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  • Writer's pictureRuby Deubry

Food Word: Spit Cake

Updated: Nov 30, 2018

I promise, it’s far more appealing than it sounds! Read on...

What is it? Found in many European cultures, spit cake originally got its name because it was baked 1 layer at a time while being rotated on a spit or open fire. Colonialism then brought spit cake to places like Indonesia (via the Dutch) and Japan.

Traditional spit cake has a thick circular ring shape – very much a cross-sectional view of a tree trunk; which is why it’s sometimes called Tree Cake.  With the industrial revolution and the birth of ovens, the spit cake diversified into many of the popular horizontal versions we now see.

The cake base consists of sugar, eggs, butter, flour, spices, and some form of milk. Then you’ll have additions. For example, the German Baumkuchen contains almond paste. Some recipes call for a rising ingredient like yeast or baking powder and flavors like rum or prunes can be added. Despite the relatively simple ingredients, the cake is time-consuming to make. Each layer must be spread just so and then perfectly cooked before the next layer is added. It can take hours to make. Then more time is needed for the cake to mature and soften.

It took every bit of willpower not to eat the whole damn tin – sooo good!

Why I like it: This cake is a beauty. Even if the presentation is on the simple side you can still appreciate the effort. The complex designs are works of art!

The texture is also unique. Every variation is going to give you a different taste. Some spit cakes are airy, slightly chewy, and you can feel the tiny layers on your tongue. Others feel richer and more compact, which is not surprising since the cake is packed with butter and eggs. Usually you’ll find spit cake in thin slices. IMHO, it’s best savored with a hot drink sans sugar after a satisfying meal.

Anything more: Other names you may come across for these types of cakes are ‘Thousand Layer Cake‘ or ‘Kueh Lapis‘. Literally translated in Asian cultures  kuih/kueh/kue (depending on the country) means bite-sized snack and lapis means layers. Nyonya kueh lapis is yet another variation. From what I can tell, the nyonya has steamed layers made of rice and tapioca flours, coconut milk, sugar, and bright colorings.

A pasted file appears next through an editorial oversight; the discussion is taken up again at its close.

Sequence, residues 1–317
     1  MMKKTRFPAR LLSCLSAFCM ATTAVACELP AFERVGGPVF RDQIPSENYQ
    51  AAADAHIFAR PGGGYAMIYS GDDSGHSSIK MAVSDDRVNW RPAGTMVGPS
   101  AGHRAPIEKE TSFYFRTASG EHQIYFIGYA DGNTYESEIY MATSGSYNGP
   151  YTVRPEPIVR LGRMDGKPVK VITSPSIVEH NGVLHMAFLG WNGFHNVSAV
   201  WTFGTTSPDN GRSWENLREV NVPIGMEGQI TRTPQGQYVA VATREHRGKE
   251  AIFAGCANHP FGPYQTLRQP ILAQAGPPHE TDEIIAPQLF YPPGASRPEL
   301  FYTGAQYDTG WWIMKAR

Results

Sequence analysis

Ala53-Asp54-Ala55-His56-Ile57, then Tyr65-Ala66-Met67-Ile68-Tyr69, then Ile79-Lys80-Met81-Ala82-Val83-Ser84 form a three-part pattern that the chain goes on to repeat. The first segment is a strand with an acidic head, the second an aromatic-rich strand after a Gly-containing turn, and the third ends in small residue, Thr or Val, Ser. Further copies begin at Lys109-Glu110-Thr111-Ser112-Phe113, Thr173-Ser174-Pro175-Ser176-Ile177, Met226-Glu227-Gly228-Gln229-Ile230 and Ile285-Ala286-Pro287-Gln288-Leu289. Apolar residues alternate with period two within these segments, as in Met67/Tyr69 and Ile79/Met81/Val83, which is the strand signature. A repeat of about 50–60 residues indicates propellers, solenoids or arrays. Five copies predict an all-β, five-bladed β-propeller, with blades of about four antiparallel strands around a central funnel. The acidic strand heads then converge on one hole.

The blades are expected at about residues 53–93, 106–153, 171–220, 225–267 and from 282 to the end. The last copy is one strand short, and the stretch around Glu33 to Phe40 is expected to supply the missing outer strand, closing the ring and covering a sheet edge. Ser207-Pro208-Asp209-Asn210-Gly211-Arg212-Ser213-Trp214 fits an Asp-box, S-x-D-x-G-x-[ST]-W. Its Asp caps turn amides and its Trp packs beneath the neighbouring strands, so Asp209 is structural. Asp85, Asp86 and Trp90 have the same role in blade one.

I came across Spekkoek in 2007 in the Culinary Arts Institute (CAI) Cake Decorating Book. A co-worker asked me to make a birthday cake and I chose Spekkoek although I never made before. I’m famous for doing things like that – using new opportunities to try recipes (it’s as close as I get to having an adrenaline rush!) Ninety percent of the time it works fabulously. 10% of the time it does not and within that, 5% is an epic fail. The birthday cake was an epic fail.

Needless to say, I didn’t charge her. It’s not that I didn’t follow the recipe. It’s that I didn’t understand the importance of allowing the cake to ripen for 2 days. I figured a few hours would be just fine…what can I say, I was young (er 📷).

Then last Christmas, a new co-worker brought in Kueh lapis. Even though it was a decade since I had the Spekkoek and it was a different name, I knew it was that cake. It took every bit of willpower not to eat the whole damn tin – sooo good!

Because of the labor involved, the cake is quite pricey. But I get it on an, ‘I’ve been there’ level and I’m not complaining. Now that I’m kitchen savvier, another spit cake attempt is in my near future. Here is an adaptation of the CAI’s 1981 Spekkoek recipe and a few websites that looked promising!

Reference: Culinary Arts Institute (1981). Cake Decorating Book. New York, NY, Delair Publishing Company.


Global Table Adventure (Sasha Martin): German Tree Cake/Baumtorte/Baumkuchen

Piece of Cake (Michele Soon): Traditional Kueh Lapis

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